Coevolution-driven predator-prey cycles: predicting the characteristics of eco-coevolutionary cycles using fast-slow dynamical systems theory
- Michael H. Cortez
- Theoretical Ecology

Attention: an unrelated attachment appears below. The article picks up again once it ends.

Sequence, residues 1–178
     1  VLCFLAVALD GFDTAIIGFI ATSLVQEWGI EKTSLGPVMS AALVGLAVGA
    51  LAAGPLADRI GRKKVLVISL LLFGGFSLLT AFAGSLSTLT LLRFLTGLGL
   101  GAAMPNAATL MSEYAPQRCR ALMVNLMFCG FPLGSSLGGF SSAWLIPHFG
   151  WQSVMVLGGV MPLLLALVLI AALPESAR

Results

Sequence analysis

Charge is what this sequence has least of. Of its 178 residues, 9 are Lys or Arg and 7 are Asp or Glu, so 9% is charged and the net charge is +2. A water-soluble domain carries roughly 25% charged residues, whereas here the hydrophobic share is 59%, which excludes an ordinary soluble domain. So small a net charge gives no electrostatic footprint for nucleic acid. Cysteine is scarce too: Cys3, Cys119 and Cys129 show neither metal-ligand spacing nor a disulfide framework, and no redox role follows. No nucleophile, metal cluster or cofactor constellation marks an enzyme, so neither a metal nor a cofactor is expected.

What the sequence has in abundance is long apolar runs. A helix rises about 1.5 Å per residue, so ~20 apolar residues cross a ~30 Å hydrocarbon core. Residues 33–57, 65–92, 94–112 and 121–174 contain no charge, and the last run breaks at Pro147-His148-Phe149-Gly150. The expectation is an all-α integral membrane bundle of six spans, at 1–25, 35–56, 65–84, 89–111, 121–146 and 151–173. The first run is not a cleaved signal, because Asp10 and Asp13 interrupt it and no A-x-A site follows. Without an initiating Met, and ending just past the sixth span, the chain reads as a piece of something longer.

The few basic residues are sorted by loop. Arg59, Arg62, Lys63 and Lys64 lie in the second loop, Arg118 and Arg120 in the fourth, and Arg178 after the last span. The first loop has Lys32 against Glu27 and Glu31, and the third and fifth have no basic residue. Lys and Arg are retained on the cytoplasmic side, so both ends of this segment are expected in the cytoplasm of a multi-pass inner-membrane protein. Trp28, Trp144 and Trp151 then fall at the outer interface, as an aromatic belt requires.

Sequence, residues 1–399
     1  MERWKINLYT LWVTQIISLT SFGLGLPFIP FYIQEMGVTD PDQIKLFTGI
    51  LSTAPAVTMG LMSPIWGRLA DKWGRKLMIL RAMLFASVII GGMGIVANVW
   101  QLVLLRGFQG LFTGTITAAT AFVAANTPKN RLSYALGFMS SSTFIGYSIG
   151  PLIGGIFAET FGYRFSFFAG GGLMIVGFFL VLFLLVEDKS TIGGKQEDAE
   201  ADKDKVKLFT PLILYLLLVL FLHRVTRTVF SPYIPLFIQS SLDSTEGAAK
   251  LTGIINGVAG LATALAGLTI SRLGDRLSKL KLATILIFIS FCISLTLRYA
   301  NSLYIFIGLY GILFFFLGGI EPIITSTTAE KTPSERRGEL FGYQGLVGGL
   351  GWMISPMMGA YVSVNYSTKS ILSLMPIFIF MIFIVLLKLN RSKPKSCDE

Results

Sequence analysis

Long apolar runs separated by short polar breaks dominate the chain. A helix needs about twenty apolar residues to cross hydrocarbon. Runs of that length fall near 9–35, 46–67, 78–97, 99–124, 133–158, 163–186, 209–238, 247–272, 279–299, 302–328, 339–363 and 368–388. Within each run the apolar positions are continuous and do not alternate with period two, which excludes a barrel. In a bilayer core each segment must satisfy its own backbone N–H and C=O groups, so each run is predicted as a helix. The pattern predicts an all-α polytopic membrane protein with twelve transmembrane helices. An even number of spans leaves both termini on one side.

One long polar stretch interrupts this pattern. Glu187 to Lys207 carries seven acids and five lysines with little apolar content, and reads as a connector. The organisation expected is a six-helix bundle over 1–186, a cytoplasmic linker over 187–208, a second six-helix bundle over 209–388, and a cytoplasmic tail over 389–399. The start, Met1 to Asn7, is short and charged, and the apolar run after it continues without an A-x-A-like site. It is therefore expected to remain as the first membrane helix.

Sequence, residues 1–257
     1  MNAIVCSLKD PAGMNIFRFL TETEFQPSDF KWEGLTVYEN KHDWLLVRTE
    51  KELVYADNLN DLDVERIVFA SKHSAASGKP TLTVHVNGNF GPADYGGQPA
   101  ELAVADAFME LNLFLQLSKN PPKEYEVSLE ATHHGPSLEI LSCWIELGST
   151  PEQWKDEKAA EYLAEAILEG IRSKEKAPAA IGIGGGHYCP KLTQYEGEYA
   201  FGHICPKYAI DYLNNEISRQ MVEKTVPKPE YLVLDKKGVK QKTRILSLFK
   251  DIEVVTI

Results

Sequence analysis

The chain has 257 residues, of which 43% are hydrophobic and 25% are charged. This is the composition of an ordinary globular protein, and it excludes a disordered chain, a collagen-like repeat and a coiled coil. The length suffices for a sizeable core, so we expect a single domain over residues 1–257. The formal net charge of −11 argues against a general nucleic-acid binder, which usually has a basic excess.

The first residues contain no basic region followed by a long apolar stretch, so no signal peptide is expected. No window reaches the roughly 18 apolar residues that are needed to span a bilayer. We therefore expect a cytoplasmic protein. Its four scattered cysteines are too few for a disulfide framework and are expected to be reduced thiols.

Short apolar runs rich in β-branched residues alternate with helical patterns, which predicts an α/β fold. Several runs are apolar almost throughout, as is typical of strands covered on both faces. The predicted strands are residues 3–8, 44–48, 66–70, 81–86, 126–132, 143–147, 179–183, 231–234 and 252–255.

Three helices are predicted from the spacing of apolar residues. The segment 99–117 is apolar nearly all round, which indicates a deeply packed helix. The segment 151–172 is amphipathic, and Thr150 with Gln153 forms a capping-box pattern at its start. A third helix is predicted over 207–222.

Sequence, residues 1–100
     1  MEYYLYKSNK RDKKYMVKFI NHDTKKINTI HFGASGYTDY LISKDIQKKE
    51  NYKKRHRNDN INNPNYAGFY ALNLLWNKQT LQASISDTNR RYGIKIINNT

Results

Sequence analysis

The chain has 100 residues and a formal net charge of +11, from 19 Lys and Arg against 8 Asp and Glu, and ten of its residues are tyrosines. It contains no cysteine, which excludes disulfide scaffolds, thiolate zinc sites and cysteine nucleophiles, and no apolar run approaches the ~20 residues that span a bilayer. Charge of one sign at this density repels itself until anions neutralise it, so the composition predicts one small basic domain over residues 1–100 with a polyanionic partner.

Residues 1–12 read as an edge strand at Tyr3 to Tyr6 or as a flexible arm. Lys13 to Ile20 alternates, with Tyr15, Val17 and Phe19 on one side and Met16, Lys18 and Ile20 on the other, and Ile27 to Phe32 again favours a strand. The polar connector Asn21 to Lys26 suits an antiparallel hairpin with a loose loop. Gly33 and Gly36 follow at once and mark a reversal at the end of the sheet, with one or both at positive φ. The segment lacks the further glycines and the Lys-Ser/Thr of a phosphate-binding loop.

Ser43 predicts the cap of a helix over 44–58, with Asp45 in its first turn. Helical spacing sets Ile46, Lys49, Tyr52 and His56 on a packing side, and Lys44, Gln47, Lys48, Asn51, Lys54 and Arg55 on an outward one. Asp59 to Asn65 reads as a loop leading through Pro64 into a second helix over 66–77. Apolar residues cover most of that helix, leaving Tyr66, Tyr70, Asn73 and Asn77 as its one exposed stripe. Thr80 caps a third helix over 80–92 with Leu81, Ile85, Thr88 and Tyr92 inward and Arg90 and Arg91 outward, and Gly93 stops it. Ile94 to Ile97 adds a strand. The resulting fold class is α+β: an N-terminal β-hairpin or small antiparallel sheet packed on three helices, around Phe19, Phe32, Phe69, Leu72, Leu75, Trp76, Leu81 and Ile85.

Studies of Vibrio cholerae in the environment and infected patients suggest that the waning of cholera outbreaks is associated with rise in the density of lytic bacteriophage. In accordance with mathematical models, there are seemingly realistic conditions where phage predation could be responsible for declines in the incidence of cholera. Here, we present the results of experiments with the El Tor strain of V. cholerae (N16961) and a naturally occurring lytic phage (JSF4), exploring the validity of the main premise of this model: that phage predation limits the density of V. cholerae populations. At one level, the results of our experiments are inconsistent with this hypothesis. JSF4-resistant V. cholerae evolve within a short time following their confrontation with these viruses and their populations become limited by resources rather than phage predation. At a larger scale, however, the results of our experiments are not inconsistent with the hypothesis that bacteriophage modulate outbreaks of cholera. We postulate that the resistant bacteria that evolved play an insignificant role in the ecology or pathogenicity of V. cholerae. Relative to the phage-sensitive cells from whence they are derived, the evolved JSF4-resistant V. cholerae have fitness costs and other characters that are likely to impair their ability to compete with the sensitive cells in their natural habitat and may be avirulent in human hosts. The results of this in vitro study make predictions that can be tested in natural populations of V. cholerae and cholera-infected patients.